Editing Techniques

Guest Blogger: Lincoln Crisler

I play G.I. Joe for a living and write scary stuff in my spare time. Janice has been good enough to let me climb aboard and share a bit of my magic with you and suggested my editing techniques as a possible topic of interest. This is what I do; if you’re looking to try something different, it might be worth your time. If you’re a reader looking for a peek behind the curtain, this would be that. As wiser men than I have said, your mileage may vary. Just for fun, I’ll name the segments after songs from the best rock band ever, RUSH.

Leave That Thing Alone: Once I’m done writing that bad boy, whether it’s a short story, a comic script, flash fiction or a novella, it goes to sleep for awhile. If I’m still lucky to have blocks of writing time in the days that follow the completion of a story, I’ll usually move onto something else. I’m always working on more than one project at a time; I’m ADD like that. Sometimes I’ll take a break from writing altogether, either because I can’t find time to write for a few days or because I need to do something else. The most important reason for putting a finished work in a drawer for a while (I recommend two weeks, but sometimes my impatience wins out and it’s only one) is so that the next time I look at the work I have a fresh perspective and will catch things that I’d miss if I edited right away.

The Main Monkey Business: So, with a couple of weeks between me and the story (and hopefully with another completed story to shove into the drawer, ideally), it’s time to pull that puppy out. I read every single sentence, as you might expect, and if something doesn’t seem quite right, I read it out loud. If it sounds awkward when spoken, it needs a rewrite. I also look for signs of slop like excessive adverbs (words ending in -ly) or one of the biggest indicators of passive voice, words ending in -ing. Sometimes I’ll get a jump on that two week break by critiquing with some fellow authors whose opinion I value. I can usually implement their advice right away, since it’s not tainted by lack of objectivity. There’s been one or two times when I’ve been up against a deadline and needed to forgo the break. I depended solely on the advice of my critique group and didn’t go wrong. It’s very important to have some good people around you, for a variety of reasons. I also pay particular attention to the dialogue portions of my work. I’ve been complemented on numerous occasions on how natural my characters’ dialogue seems, and by and large it comes naturally, but that praise makes me paranoid. Now I have something to live up to. Every so often somethng won’t roll off my tongue as well as it did off my pen, and I err on the side of caution in those instances.

Working Man: Basically it’s business as usual at this point; find some decent markets, write a good cover letter and push that bad boy out of the nest! I’ve had editors come back at me two or three times requesting further editing; a couple didn’t like my curse words (and honestly, the stories weren’t harmed by their removal, either!) and another noted a slight difference in writing style at a certain point (coincidentally, the same point where I set the story aside for a year and a half!). All that’s essential at this point is deciding whether you want to make the changes, and then getting word back to the editor in a timely manner. Other than that, the only thing I should point out is that asking for revisions usually isn’t a guarantee of acceptance. That’s okay, though; I have a list of ten things you’d be better off doing than worrying!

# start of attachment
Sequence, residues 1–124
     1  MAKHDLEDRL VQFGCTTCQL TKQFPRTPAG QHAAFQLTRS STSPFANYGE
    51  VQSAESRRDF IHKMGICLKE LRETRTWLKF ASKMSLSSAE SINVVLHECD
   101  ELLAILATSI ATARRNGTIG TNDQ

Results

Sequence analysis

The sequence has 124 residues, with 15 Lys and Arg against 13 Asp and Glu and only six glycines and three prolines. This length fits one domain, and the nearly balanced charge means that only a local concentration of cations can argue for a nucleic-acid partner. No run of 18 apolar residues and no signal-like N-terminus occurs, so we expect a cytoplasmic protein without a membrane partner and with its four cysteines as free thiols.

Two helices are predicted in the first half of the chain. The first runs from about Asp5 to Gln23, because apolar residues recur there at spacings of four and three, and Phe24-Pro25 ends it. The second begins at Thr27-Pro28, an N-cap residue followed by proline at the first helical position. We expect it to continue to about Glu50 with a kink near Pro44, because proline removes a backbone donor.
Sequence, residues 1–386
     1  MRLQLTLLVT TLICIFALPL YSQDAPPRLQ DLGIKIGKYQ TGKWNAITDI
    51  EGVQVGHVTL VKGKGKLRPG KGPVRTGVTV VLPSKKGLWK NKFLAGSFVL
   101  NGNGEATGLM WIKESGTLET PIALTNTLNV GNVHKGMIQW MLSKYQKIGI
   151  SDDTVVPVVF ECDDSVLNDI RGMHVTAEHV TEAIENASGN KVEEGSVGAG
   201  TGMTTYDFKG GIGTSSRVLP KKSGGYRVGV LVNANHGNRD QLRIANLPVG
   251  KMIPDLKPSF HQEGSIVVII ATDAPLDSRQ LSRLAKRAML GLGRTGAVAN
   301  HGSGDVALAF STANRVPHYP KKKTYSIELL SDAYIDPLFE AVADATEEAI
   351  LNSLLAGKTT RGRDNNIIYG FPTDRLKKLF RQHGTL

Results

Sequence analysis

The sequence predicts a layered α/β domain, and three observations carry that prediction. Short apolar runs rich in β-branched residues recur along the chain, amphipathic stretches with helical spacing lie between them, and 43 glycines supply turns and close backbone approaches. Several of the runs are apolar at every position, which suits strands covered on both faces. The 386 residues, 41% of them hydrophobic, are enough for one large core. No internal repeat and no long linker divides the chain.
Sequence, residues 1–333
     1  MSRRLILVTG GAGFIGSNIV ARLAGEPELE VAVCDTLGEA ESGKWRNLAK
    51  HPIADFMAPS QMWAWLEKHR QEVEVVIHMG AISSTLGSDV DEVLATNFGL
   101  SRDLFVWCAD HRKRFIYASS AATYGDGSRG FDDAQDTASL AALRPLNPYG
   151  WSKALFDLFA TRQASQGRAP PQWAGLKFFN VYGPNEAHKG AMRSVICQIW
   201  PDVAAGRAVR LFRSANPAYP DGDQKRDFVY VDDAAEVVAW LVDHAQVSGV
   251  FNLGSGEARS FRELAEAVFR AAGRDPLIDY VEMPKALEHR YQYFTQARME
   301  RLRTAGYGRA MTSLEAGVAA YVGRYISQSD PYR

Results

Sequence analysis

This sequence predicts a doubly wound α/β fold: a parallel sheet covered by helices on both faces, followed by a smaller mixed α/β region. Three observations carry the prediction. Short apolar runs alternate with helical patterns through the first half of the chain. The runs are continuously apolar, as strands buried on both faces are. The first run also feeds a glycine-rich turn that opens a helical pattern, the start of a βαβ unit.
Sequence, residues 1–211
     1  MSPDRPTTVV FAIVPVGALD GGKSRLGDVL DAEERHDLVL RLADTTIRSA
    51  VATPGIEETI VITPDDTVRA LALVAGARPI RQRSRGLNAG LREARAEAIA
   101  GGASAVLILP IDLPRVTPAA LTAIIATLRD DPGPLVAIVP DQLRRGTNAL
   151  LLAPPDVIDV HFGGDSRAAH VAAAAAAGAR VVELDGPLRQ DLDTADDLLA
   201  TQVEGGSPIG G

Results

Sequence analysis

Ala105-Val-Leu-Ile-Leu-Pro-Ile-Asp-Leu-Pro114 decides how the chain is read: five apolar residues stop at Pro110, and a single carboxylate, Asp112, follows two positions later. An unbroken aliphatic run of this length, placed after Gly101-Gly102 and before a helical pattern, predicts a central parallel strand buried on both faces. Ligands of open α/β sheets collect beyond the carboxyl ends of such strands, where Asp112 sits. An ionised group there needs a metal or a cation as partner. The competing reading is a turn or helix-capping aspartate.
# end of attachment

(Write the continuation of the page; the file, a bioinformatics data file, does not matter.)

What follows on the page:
Lincoln Crisler’s debut novella, WILD, was publishied this month by Damnation Books. He has also authored a pair of short story collections, Magick & Misery (2009, Black Bed Sheet) and Despairs & Delights (2008, Arctic Wolf). A United States Army combat veteran and non-commissioned officer, Lincoln lives in Augusta, Georgia with his wife and two of his three children. You can visit his website here.

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3 Comments:

  1. Wayne A. "Tony" Conaway

    Good advice, and the song titles were a nice touch.

    The line about “There’s been one or two times when I’ve been up against a deadline and needed to forgo the (two week) break” made me laugh. For me it’s just the reverse: one or two times in MY ENTIRE WRITING CAREER I’ve had the leisure to put something aside for two weeks. I always seem to be up against a deadline.

  2. Hi Tony! I’m guessing you write professionally, hence the constant deadlines. I aspire to write fiction for a living, but not for another ten years, which is when I plan to retire from the Army. Most of my work these days is on spec.

    I value deadlines, though. I do my best work under pressure, and did not jack around nearly as much as student reporter with constant deadlines as I do now as a fiction writer with a day job! I have a touch of that ADD, and every bit of discipline helps, which is why I’m such a good fit for the military!

  3. Pingback: Lincoln Crisler – Author, Editor, Reviewer, Live-Action G.I. Joe » Blog Archive » A Few Tips on Pre-reader Selection » Lincoln Crisler - Author, Editor, Reviewer, Live-Action G.I. Joe

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